A study published earlier this week claims that singleton babies born at 37 and 38 weeks may not do as well in school. As you can imagine, the study got quite a lot of attention.
Dr. Kimberly Noble, the lead author of the study and a pediatrician and developmental cognitive neuroscientist in Columbia University’s Department of Pediatrics and G.H. Sergievsky Center, took the time to talk with Kveller.
You recently published an article in the Journal Pediatrics that’s getting a lot of attention. Can you summarize the findings for us?
In this study we were able to link two databases, one from the New York City Department of Health (which keeps birth records with detailed info) and another from the Department of Education (a database with third grade reading and math test scores). What we found is that within full term range, which is defined as 37-41 weeks, babies born at later gestational stages performed better on reading and math tests.
What prompted this study?
We know from hundreds of studies that children born preterm, prior to 37 weeks, are at increased risk of developmental and academic difficulties. However, very little is known about any differences among children born within the full term range of 37 to 41 weeks. Brain development is ongoing during the last month of gestation, and so it is somewhat surprising that this hasn’t been looked at.
In the abstract of the article, you and your fellow researchers state that “achievement scores for children born at 37 and 38 weeks [were] significantly lower than those for children born at 39, 40, or 41 weeks.” What were the degrees of difference here? Were they very significant?
The differences were small but significant. Children at 37 weeks performed about a point below children at 41 weeks. This would not be noticeable from one child to the next, but it is important on a population or public health level, because it means that children in the early term range are more likely to have reading or math disabilities. For example, children born at 37 weeks are 33% more likely to have a severe reading disability and are 19% more likely to have a moderate math disability, relative to 41 weekers. Again, most children will perform normally, but there is an increased risk at earlier gestational age within the term range.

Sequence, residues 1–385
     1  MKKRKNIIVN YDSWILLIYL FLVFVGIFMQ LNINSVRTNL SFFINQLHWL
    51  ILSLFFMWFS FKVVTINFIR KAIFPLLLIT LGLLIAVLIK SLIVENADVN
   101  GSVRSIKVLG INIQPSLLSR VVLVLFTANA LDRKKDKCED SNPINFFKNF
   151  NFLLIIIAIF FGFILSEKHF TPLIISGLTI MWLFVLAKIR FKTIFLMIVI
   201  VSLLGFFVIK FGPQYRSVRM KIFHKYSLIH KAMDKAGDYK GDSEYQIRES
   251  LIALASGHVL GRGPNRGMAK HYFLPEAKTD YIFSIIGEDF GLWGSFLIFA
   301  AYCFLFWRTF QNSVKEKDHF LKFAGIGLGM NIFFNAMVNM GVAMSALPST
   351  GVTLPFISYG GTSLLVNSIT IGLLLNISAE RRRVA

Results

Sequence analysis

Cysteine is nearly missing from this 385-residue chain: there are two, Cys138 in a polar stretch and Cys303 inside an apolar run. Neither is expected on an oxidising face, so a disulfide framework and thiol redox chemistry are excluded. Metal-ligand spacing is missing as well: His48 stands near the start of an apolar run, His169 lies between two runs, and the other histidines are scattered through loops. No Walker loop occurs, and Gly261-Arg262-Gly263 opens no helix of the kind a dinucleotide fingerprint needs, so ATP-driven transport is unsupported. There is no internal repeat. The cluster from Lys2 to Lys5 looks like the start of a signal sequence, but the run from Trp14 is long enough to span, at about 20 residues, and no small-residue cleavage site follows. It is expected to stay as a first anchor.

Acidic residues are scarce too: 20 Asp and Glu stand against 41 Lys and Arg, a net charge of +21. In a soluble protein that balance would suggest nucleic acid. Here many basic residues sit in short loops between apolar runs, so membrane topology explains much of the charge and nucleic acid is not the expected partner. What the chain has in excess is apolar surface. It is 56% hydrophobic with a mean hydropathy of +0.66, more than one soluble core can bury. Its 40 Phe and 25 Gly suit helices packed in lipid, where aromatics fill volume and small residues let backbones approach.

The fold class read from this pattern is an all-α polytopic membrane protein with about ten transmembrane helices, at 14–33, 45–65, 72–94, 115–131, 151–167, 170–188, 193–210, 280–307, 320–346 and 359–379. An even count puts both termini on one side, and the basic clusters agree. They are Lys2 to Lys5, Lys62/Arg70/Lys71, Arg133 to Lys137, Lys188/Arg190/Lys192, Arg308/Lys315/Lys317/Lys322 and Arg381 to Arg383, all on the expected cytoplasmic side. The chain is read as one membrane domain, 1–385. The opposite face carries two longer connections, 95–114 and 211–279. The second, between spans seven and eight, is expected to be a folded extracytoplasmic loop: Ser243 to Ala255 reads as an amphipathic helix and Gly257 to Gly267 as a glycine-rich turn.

What do you think will be the practical implications of this study?
I think the most important implications come in the realm of early elective deliveries. Until we have further data, we urge parents and clinicians to exercise caution in scheduling elective deliveries for logistical regions (vacation, scheduling preference) in the “early term” range, prior to 39 weeks. Of course, if there is a medical indication for scheduling an early delivery, that is very different, and we recommend that women discuss this with their clinicians.
What might you say to those parents who have had children born at 37 or 38 weeks and might be concerned about these results? (Or to parents who already know that their child will be delivered prematurely)?
The differences that we found in average scores were small–only about a point on standardized tests. It is true that, at the lower end of the scale, children in the early term range have a somewhat increased risk of reading and/or math difficulties. However, increased risk is not the same as inevitability. Most children within the early term range of 37 or 38 weeks will perform normally. To the extent that early term birth confers risk, this may be used by pediatricians to identify children who may benefit from extra services.
I happen to know that you recently gave birth to a healthy baby girl—Mazal Tov! How did the results of this study–and what you know about neurocognitive development in general-affect you during your pregnancy? Did you find yourself thinking a lot about prematurity or did you just turn it off?
Thank you! I would say that what affected me more was having seen extremely preterm births during my training in the neonatal intensive care unit (at Columbia). In fact, during my own pregnancy, once I reached 37 weeks I was pretty relieved!
What’s it been like to be a pediatrician/mom, so far? Do you find that you reference your clinical and research knowledge as you watch the way your daughter makes eye contact or holds her head up? Or have you been able to just enjoy the burps and gurgles, unqualified?
I would say it’s a mixed blessing. There are definitely things I’ve worried about that I know I don’t need to, and it’s easy to wonder if every little thing is an indicator of some rare condition. I’m definitely glad to have a pediatrician (that’s not me!) who cares for my daughter, and even when I’ve known the answer to certain questions, I’ve tried hard to play mom instead of doctor to her.
Final question: if you could give a new parent just one piece of advice regarding child development, what would it be?
The most important ways parents can promote healthy child development are through early exposure to a cognitively stimulating and emotionally warm environment. Parenting is critical, and its effects far outweigh the small effects we see of gestational age within the term range.
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